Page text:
By Michael Weiss, MD, University of Washington Medical Center
Most peripheral neuropathies are associated with sensory disturbances such as numbness and tingling. However, there are also forms of neuropathies that only involve motor nerves and produce such symptoms as weakness, twitching and cramping. Some neuropathies may be autoimmune and others are not, and this will dictate the treatment.
When people with these symptoms seek medical attention, a neurologist will perform a full physical and neurological examination, as well as an electrodiagnositic study, including needle EMG (electromyography) and nerve conduction studies. Blood work may also be done to look for the presence of autoantibodies.
Motor neuropathies must be distinguished from motor neuron disorders, diseases in which the nerve cells from which motor nerves arise start to degenerate. The most common form of motor neuron disease is amyotrophic lateral sclerosis (ALS, aka Lou Gehrig’s disease), a relatively uncommon disorder that has limited treatment and is terminal. There have been numerous unsuccessful studies looking at ways to slow progression of ALS, and hope for a cure continues. This is an uncommon disease, though not rare, with an incidence of five to eight in 1000,000 new cases a year. People with ALS typically experience upper motor neuron symptoms such as weakness, incoordination and stiffness, and demonstrate increased reflexes and muscle tone on examination. They also have lower motor neuron symptoms such as muscles cramping and twitching (fasciculations) and muscle wasting (atrophy).
There are many diagnoses that mimic ALS, and several are treatable. Some people are diagnosed with these other syndromes initially only to be told they have ALS later as the condition progresses. Others may be told they have ALS, and then further workup, leads to another diagnosis. This can be frightening and frustrating for patients, caregivers and physicians.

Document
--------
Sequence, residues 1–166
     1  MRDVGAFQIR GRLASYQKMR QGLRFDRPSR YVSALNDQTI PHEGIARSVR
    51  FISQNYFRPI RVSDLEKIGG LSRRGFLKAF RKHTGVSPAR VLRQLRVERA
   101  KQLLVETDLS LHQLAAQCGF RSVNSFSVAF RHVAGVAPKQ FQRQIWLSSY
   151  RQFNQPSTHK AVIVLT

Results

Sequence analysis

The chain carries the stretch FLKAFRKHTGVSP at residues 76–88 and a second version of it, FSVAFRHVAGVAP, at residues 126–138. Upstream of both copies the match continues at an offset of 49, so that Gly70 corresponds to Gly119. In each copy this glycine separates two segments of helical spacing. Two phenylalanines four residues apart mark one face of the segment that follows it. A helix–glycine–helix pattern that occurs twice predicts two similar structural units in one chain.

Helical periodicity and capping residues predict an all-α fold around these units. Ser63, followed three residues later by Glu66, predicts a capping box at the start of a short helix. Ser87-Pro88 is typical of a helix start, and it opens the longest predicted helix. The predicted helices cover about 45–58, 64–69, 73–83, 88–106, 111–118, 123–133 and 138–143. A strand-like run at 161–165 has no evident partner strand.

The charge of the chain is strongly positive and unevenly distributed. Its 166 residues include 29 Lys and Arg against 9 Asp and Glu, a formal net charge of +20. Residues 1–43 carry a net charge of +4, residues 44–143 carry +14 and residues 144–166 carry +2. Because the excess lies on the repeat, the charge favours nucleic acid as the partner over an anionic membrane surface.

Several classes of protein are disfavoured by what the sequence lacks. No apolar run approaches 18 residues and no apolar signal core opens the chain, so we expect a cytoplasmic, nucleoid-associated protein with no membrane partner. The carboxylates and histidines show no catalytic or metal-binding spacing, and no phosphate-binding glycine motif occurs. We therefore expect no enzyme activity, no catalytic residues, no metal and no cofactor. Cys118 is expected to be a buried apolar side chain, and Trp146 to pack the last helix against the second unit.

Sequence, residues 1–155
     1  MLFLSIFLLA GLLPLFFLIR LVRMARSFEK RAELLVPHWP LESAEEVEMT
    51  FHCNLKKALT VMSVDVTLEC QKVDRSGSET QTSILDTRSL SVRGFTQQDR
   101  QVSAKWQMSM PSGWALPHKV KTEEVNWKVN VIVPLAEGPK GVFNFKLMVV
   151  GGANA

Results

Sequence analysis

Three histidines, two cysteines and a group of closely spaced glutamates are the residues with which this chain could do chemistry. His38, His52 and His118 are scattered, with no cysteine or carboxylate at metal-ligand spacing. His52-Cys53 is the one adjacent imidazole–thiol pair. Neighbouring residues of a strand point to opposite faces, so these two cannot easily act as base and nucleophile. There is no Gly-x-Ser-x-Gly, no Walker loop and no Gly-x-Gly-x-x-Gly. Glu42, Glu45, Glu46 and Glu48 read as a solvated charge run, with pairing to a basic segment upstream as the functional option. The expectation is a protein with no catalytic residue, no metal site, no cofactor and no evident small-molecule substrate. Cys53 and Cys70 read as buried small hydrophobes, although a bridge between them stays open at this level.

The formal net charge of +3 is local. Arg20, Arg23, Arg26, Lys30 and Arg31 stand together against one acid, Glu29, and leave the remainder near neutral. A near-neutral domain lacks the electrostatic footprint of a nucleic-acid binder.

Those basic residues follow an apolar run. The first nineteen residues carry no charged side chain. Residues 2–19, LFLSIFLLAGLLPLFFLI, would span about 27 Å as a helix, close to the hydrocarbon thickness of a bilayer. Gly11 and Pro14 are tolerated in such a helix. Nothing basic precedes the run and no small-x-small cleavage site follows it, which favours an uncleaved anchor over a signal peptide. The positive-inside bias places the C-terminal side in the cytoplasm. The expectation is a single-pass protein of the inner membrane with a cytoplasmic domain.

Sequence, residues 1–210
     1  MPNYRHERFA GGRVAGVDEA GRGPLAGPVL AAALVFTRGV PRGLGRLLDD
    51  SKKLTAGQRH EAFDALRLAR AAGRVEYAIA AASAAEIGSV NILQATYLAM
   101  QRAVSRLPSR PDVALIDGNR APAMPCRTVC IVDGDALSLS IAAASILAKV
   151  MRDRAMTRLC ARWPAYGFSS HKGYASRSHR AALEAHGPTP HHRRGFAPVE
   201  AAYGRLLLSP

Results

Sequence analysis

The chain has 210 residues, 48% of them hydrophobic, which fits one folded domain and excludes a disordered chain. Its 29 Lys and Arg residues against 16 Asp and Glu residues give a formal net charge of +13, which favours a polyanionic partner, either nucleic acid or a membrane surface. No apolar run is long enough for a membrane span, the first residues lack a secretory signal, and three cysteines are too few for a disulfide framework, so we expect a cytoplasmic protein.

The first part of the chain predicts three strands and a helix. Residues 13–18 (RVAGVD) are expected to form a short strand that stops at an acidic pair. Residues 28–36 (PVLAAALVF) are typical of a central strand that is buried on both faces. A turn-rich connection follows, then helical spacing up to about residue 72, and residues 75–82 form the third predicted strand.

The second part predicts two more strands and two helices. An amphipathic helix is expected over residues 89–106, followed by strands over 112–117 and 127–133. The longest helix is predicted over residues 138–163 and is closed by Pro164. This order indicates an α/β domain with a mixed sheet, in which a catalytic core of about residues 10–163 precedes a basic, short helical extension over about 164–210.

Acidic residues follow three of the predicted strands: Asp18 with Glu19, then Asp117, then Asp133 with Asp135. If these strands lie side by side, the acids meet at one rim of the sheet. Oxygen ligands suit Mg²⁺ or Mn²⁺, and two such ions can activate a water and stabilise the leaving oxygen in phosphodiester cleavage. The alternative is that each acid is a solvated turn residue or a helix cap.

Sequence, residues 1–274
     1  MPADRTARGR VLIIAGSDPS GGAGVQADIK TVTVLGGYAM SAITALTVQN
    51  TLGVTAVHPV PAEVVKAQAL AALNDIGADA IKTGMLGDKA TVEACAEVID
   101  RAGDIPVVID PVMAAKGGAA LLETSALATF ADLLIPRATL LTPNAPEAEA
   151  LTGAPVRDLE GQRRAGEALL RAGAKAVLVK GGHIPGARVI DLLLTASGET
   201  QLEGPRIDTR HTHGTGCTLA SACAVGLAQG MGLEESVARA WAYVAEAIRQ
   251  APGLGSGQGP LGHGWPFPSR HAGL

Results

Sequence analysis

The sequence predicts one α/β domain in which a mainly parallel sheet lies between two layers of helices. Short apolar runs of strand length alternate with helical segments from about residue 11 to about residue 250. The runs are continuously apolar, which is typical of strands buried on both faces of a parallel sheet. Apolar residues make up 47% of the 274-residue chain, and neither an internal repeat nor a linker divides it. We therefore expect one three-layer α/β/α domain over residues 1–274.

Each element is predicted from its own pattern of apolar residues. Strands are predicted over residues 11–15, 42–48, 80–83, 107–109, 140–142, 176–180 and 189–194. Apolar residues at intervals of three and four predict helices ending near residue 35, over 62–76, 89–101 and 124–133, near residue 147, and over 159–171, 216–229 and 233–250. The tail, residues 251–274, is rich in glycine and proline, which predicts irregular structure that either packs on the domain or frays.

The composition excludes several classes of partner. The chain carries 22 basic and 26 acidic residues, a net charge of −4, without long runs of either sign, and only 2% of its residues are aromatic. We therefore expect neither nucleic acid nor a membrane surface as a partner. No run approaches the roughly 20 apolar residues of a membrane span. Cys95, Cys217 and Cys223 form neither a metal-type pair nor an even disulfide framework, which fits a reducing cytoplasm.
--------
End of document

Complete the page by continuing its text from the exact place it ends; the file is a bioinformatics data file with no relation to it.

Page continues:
Disorders that can mimic ALS include cervical myelopathy, multiple sclerosis, certain tumors and even hyperthyroidism. In certain cases, a definitive diagnosis is never made. Other motor phenotypes include spinal-bulbar muscular atrophy, an inherited motor neuron disorder, and motor CIDP. Spinal-bulbar muscular atrophy affects one in 500,000, and purely motor CIDP is even rarer. CIDP is also treatable with intravenous immune globulin (IVIG).
One of the more common diseases mimicking motor neuron disease is multifocal motor neuropathy (MMN), a neuropathy that is autoimmune and treatable. The incidence of MMN is less than ALS, occurring in about one to two per 100,000 people. Onset is generally between 30 years and 60 years of age. Motor neuropathies are not seen with upper-motor neuron signs, but their symptoms and signs overlap with the lower-motor neuron presentation of ALS. Anti-GM1 autoantibodies may be found in the blood of some patients. Additionally, conduction block is typically demonstrated on a motor nerve conduction study. MMN is also treated with IVIG.